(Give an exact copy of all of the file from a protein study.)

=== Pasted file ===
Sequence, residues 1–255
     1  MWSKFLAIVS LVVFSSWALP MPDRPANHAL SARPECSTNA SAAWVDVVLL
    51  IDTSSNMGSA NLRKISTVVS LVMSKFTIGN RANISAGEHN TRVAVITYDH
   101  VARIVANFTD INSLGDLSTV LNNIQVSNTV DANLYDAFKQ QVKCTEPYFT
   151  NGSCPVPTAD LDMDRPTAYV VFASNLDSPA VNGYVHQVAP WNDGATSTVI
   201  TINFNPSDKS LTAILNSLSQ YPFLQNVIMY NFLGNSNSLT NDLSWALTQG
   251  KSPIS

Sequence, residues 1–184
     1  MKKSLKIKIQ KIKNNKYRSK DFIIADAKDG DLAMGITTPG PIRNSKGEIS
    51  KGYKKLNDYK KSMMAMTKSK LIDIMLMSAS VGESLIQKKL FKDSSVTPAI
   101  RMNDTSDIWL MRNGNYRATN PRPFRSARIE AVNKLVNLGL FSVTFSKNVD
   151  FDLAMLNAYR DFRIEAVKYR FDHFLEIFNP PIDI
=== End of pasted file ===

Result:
Sequence, residues 1–255
     1  MWSKFLAIVS LVVFSSWALP MPDRPANHAL SARPECSTNA SAAWVDVVLL
    51  IDTSSNMGSA NLRKISTVVS LVMSKFTIGN RANISAGEHN TRVAVITYDH
   101  VARIVANFTD INSLGDLSTV LNNIQVSNTV DANLYDAFKQ QVKCTEPYFT
   151  NGSCPVPTAD LDMDRPTAYV VFASNLDSPA VNGYVHQVAP WNDGATSTVI
   201  TINFNPSDKS LTAILNSLSQ YPFLQNVIMY NFLGNSNSLT NDLSWALTQG
   251  KSPIS

Sequence, residues 1–184
     1  MKKSLKIKIQ KIKNNKYRSK DFIIADAKDG DLAMGITTPG PIRNSKGEIS
    51  KGYKKLNDYK KSMMAMTKSK LIDIMLMSAS VGESLIQKKL FKDSSVTPAI
   101  RMNDTSDIWL MRNGNYRATN PRPFRSARIE AVNKLVNLGL FSVTFSKNVD
   151  FDLAMLNAYR DFRIEAVKYR FDHFLEIFNP PIDI